(Indian, active c.1596–1645)
Gum tempera and gold on paper
Image: 25.2 x 16.8 cm (9 15/16 x 6 5/8 in.); Overall: 27.5 x 18.8 cm (10 13/16 x 7 3/8 in.)
Andrew R. and Martha Holden Jennings Fund 1971.78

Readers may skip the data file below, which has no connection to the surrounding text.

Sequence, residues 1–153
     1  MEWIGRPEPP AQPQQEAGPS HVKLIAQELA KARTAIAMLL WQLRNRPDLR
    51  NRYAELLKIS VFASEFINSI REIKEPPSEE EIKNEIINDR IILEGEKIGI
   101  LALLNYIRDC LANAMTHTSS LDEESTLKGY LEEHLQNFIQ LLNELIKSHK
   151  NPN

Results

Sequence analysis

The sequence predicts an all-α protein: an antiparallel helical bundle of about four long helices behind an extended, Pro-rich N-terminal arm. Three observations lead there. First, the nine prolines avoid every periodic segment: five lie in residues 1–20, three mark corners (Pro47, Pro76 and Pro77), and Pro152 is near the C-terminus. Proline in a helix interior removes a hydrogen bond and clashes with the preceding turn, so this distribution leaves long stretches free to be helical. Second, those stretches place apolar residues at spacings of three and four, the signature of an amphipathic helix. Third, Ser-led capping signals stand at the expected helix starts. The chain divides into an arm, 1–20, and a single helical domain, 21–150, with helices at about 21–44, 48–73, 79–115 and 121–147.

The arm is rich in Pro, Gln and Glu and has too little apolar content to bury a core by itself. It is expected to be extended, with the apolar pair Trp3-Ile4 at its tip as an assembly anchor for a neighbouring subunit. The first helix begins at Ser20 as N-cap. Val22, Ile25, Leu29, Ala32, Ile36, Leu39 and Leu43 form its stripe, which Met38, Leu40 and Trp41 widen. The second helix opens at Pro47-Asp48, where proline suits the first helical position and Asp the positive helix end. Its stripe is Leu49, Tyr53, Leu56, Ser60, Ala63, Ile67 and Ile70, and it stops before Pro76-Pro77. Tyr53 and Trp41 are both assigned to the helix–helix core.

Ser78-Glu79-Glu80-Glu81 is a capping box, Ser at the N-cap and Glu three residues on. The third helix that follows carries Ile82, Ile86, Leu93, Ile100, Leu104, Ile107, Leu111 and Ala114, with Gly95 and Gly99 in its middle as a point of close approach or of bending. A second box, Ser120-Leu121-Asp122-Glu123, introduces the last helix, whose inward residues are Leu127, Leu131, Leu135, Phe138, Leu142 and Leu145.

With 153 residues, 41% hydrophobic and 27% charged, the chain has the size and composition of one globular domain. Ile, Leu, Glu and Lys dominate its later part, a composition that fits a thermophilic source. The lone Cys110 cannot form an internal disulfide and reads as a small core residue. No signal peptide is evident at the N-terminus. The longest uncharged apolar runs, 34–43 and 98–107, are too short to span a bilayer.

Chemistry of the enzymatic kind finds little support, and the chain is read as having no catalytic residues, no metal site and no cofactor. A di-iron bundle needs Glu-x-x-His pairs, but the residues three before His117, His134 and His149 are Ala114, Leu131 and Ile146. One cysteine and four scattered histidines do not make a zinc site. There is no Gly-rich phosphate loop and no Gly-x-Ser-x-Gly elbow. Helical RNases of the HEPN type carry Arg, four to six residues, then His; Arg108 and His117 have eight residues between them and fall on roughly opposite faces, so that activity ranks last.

The soulful modeling of Akbar’s aged but dignified face argues strongly in favor of the attribution of this work to the imperial court artist Govardhan. This posthumous portrait of the celebrated third Mughal emperor would have been made at the end of his career for Akbar’s grandson Shah Jahan, who reigned from 1626 to 1648. Shah Jahan glorifies his own august lineage by lionizing Akbar and having him portrayed in a formal, symbolic way that Akbar himself never would have commissioned. Christian angels in European style praise him from the heavens, while mythical birds of paradise swoop at the edge of the radiance emitted from the nimbus of the divine light of his rule. He originally grasped an orb, which was changed to a necklace. The sensitively articulated body of a young cow reclines at ease in the presence of a lion, indicating the harmony and peace of his noble rule. The artist used the dignified nim-qalam style of painted drawing with only touches of gold and hints of color. Heavy outlines were added at a later date, along with pinprick holes used for copying the composition onto another sheet of paper.
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